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    Technology development – Voicing the future of LTE


    Dan Warren, Director of Technology, GSMA, tells the story of how the industry developed the  will to form the common standard to carry voice over LTE

    You may have heard of the VoLTE initiative, and may even be aware that it is a GSMA-led programme to define a common way to carry voice over LTE using an IMS. But how did the industry arrive at this level of co-operation, what is the difference between VoLTE, CSFB, VoLGA, GAN, CSoPS (and other abbreviations), and why is it now important to have a common approach to voice over LTE? Dan Warren, Director of Technology, GSMA, gives his view of how the future of voice over LTE was, and is being, defined.

    In 2010, we will get a much clearer idea of the potential of Long-Term Evolution (LTE) networks to deliver fast mobile data services to large numbers of people. The world’s first commercial LTE networks were launched recently in Sweden and Norway by TeliaSonera, with Verizon Wireless in the US, NTT DoCoMo in Japan and China Telecom set to follow suit this year. But while we all get excited about what LTE will mean for apps, augmented reality, social networking, video-on-demand, Internet browsing and many other multimedia services, we shouldn’t forget that voice services still generate close to three-quarters of operators’ revenues worldwide.

    Soaring demand for the menagerie of multimedia services may be driving the testing and deployment of LTE networks in Europe and elsewhere, but it is crucial that voice services aren’t an afterthought. Not only do LTE networks need to support high-quality voice calls, it is also vital that the operators running these LTE networks implement voice services in a consistent way, as they did with GSM.

    A consistent approach to implementing voice services, together with the coordinated allocation of spectrum, has underpinned the extraordinary success of GSM both in Europe and worldwide. GSM and related technologies, such as HSPA, thrive because manufacturers can produce mobile phones that will work in many different countries, enabling them to achieve the scale necessary to create a very broad range of models at very low cost. Moreover, people with GSM phones remain contactable all over the planet because more than 700 mobile operators in more than 200 countries and territories have all implemented voice services in a consistent manner.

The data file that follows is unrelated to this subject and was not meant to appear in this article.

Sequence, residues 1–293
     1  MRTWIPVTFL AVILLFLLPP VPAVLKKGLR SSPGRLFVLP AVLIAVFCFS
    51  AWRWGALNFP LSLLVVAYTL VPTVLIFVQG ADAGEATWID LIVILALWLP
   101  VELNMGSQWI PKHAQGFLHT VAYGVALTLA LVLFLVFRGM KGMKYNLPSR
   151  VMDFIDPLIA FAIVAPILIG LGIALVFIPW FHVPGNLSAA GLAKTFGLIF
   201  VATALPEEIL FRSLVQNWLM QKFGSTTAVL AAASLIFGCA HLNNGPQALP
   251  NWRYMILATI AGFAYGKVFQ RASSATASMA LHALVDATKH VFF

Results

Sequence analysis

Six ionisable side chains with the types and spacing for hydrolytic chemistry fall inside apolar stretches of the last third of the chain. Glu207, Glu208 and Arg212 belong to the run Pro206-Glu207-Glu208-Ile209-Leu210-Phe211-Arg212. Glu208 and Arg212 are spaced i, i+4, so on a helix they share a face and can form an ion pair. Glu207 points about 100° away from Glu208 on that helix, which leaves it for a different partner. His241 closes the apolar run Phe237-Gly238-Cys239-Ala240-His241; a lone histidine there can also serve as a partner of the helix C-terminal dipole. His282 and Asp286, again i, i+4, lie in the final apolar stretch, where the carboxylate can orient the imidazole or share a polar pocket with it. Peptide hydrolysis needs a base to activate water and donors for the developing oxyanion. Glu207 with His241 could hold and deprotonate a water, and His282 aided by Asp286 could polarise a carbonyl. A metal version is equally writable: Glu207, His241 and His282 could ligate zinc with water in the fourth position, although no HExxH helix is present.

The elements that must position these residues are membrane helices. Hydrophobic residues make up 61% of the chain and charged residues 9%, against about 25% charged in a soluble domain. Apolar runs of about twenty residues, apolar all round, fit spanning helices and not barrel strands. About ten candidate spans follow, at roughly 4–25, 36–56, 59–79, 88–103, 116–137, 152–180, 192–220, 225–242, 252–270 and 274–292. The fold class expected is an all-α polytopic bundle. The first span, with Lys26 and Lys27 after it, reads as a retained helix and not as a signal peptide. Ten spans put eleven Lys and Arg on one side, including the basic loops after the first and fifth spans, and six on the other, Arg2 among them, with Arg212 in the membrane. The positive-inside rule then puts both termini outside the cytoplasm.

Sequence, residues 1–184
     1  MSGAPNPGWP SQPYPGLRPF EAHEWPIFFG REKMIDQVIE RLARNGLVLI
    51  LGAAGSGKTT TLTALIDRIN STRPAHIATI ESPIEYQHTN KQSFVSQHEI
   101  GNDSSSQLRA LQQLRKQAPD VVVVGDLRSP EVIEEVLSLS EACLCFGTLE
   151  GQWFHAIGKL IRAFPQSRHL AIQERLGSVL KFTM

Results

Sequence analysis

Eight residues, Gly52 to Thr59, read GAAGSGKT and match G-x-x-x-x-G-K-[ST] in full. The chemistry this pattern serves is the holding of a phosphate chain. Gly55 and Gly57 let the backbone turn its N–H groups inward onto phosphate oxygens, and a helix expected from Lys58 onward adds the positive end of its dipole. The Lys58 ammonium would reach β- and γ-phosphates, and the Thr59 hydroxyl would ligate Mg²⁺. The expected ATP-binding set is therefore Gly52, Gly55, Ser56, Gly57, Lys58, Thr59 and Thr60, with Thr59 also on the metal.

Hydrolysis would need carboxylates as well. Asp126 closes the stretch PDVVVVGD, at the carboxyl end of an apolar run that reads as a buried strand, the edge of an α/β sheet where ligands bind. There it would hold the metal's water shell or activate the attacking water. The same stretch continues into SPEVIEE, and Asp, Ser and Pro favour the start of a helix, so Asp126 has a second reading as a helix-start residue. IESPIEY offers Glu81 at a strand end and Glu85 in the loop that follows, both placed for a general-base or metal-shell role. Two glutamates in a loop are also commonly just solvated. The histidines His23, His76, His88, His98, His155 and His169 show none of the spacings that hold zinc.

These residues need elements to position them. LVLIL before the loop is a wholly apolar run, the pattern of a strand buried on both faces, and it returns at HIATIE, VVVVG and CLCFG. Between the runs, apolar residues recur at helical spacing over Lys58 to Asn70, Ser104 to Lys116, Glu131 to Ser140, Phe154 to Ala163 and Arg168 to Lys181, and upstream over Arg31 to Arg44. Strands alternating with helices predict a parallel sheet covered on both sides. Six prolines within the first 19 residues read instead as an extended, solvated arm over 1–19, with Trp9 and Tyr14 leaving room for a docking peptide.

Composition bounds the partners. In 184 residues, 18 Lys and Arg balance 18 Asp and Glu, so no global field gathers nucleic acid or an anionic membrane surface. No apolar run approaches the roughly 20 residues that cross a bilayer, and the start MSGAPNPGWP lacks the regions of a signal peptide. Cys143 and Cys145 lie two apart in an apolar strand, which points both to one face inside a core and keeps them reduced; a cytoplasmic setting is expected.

Going outside the standards
    But this fundamental principle seemed to have been forgotten, at least temporarily, when it came to defining a voice implementation for LTE. When LTE was first conceived one of the early decisions taken by the standards body 3GPP was that LTE would be the first technology in the GSM family not to support circuit-switched connections. That decision is easy to understand: a single IP-based transport system is key to ensuring that LTE networks are efficient enough to carry large volumes of traffic cost-effectively.

    Unfortunately, that decision also left a vacuum. Instead of an explicit statement of what should replace the circuit-switched domain for voice, there was just an implicit assumption that operators would provide voice services using an IP Multimedia Subsystem (IMS) and the related Multimedia Telephony Service (MMtel) standard – a framework within which specific applications for person-to-person communication, including voice services, could be defined.